Posts Tagged praise
Feedback is not easy for most people. Learning to give it constructively and receive it gracefully are two skills that can make difficult situations much less so. Getting in the habit of asking for feedback is also important. You should be soliciting feedback from your direct reports, or letting them know that you are interested in hearing what they have to say.
Giving constructive feedback takes some thought. You must consider the impact to the person. It seems simple but the words used, the venue and time chosen, and event the topic of feedback will all make a difference in how it is received.
- Know your audience –Some people would be happier to have you praise them privately. If you are giving good feedback be aware of the person’s preference for being praised publically.
- Give notice – For negative feedback try to give the person time to get ready to talk about it. If you have regular meetings tell them you want to talk about the issue or project during the meeting, if not set something up specific to the topic.
- Plan your words – Remember to separate the tasks, actions, or project from the person. Be sure you will hit all the essential points and be specific. Give examples of what a good job looks like or what has been done well.
Receiving negative feedback gracefully can be even more difficult. No one likes being told their efforts have been for not, or that their work must be redone. There is a lot to learn from how others see us and welcoming feedback can help you redirect your efforts and be more successful.
- Listen for the meaning – Not everyone is good at communicating directly. Difficult conversations sometimes inspire people to tap dance around an issue. Listen for the problem, try to be task specific, and ask for suggestions on how to make a correction.
- Ask questions –General feedback is usually only a mask for the problem, you need to learn the specifics so you can make a change.
- Agree on expectations – It is easier for many people to be indirect. They get to leave the conversation feeling like they gave you the necessary feedback but you might be left wondering what it is they want. Ask what the person needs or expects from you.
Cultivating truth tellers among your team and being willing to play the role for others is a useful way to actively gauge how effective a leader you are. Learning to give and receive useful feedback takes trust and practice. The benefits of knowing where you stand with your team, being able to make meaningful changes mid-project, and building understanding are so valuable. Much more so than the temporary comfort of avoiding an awkward conversation.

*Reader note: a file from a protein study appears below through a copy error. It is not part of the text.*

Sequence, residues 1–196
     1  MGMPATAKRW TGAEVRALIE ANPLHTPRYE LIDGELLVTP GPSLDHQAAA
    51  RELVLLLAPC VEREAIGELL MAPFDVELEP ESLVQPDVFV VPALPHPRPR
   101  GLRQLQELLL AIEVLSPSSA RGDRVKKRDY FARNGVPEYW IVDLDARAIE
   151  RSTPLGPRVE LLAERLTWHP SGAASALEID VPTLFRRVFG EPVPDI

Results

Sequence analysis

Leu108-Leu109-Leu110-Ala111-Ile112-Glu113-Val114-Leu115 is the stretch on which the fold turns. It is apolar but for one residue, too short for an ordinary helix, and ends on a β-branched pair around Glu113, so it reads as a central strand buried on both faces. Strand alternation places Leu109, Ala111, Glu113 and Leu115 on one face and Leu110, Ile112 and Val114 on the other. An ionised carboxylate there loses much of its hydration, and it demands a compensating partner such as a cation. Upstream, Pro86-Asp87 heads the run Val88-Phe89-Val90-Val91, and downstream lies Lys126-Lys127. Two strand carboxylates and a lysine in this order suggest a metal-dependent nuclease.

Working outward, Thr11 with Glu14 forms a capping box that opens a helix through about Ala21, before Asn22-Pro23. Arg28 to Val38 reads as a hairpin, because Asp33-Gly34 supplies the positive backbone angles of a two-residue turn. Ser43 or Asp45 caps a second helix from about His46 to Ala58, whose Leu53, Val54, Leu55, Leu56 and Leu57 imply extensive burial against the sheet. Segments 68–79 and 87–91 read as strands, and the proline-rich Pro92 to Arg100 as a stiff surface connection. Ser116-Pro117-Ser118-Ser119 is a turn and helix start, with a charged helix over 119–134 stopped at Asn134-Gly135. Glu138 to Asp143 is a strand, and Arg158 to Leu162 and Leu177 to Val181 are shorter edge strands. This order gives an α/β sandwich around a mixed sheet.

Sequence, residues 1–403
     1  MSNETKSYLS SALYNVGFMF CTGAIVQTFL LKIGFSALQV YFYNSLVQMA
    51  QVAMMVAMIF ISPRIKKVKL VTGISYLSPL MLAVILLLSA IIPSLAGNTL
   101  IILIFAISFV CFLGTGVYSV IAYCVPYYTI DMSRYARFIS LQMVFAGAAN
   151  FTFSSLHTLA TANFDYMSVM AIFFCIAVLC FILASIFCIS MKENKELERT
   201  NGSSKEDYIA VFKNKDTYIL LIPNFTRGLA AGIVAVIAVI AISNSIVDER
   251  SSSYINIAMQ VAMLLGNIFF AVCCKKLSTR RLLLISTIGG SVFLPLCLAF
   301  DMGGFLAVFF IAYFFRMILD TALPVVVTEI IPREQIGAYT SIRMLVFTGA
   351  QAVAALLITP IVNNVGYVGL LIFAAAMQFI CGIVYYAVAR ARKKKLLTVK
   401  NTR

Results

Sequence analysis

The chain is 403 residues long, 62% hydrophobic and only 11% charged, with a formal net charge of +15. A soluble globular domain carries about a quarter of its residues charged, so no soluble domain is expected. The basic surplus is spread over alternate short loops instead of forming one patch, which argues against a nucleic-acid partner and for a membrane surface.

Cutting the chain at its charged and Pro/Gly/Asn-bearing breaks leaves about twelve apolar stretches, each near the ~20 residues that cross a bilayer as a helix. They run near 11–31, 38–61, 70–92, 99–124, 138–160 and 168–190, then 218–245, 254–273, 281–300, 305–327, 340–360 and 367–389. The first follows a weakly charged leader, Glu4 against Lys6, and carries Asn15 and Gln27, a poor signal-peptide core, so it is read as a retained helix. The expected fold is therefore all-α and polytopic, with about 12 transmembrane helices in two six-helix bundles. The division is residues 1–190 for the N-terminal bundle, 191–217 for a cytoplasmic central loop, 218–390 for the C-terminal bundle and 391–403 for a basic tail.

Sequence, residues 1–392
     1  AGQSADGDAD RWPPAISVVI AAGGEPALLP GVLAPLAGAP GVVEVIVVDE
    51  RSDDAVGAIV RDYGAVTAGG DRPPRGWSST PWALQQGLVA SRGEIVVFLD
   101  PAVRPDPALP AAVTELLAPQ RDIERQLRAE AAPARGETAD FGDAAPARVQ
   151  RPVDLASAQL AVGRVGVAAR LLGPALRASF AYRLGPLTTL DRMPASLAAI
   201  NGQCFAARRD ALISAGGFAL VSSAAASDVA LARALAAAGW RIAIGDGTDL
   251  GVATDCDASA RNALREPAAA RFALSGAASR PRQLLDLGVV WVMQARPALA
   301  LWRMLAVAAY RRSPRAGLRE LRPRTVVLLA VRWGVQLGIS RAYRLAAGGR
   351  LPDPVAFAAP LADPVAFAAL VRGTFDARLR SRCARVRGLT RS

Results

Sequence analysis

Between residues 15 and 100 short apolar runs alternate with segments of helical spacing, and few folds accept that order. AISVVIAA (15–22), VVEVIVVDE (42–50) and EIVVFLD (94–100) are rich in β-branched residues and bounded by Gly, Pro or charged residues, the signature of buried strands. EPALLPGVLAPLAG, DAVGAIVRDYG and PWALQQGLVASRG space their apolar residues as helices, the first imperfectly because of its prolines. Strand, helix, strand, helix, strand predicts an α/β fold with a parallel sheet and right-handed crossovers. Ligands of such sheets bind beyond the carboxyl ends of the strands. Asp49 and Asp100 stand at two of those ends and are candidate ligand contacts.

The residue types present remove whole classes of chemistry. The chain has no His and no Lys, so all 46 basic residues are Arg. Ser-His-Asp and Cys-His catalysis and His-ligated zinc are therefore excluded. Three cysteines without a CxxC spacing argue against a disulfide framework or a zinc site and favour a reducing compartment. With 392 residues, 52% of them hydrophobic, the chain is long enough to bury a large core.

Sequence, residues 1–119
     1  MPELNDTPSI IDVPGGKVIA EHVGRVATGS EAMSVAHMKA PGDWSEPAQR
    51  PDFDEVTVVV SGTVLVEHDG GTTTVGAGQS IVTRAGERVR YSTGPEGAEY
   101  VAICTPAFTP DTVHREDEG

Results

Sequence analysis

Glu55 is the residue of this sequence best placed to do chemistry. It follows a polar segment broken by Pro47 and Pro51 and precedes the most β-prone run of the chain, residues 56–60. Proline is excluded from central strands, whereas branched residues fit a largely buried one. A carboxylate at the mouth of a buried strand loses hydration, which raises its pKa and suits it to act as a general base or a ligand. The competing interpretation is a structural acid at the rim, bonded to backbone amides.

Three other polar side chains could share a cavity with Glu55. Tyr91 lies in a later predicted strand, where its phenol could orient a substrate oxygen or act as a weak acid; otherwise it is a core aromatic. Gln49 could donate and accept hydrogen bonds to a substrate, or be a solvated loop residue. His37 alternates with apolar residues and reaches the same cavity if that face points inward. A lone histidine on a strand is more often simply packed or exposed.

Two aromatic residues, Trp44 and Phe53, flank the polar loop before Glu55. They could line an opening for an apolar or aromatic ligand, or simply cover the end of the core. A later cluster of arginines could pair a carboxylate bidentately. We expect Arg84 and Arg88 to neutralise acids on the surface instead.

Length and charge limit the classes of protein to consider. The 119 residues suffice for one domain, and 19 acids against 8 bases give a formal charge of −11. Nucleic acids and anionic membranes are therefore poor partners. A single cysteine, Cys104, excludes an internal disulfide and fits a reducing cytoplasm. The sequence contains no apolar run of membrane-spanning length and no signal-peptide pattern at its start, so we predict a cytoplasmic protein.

Do you have truth tellers on your team? Do you have any tips for giving good feedback?
Who do you admire? Perhaps you know someone who has overcome some extreme personal challenges or has shown himself to be particularly true to his morals and an example to others. Take a moment and think of at least one person who has impressed you with their actions or kindness. Have you ever told that person you admire them? If you haven’t, you should.
There are many people I admire. One in particular is a very close friend of my family who has filled a role similar to an aunt to me since I was about ten-years-old. She and her husband lived an amazing balance of just enough planning for the future and living in the present. Their story is one marked by his chronic illness and struggle for health. We lost him suddenly late last year just before his 60th birthday, and it rocked our community.
Last year on Christmas I stuck a note into my friend’s purse while we were celebrating. She found it the next day and loved it so much she showed it to my mom, who was a little choked up when she told me. It was simple but important because I had never told her just what her example means to me.